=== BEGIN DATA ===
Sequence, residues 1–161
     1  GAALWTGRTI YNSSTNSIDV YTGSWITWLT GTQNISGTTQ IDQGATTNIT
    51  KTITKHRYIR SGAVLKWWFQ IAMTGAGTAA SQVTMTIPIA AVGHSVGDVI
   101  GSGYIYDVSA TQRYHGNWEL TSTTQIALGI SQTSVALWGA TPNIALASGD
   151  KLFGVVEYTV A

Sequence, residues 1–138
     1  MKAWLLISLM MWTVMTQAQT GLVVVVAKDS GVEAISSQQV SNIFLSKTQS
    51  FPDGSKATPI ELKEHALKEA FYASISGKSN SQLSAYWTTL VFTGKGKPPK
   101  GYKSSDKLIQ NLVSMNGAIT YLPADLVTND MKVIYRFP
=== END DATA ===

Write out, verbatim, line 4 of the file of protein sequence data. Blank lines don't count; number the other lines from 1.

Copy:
   101  GSGYIYDVSA TQRYHGNWEL TSTTQIALGI SQTSVALWGA TPNIALASGD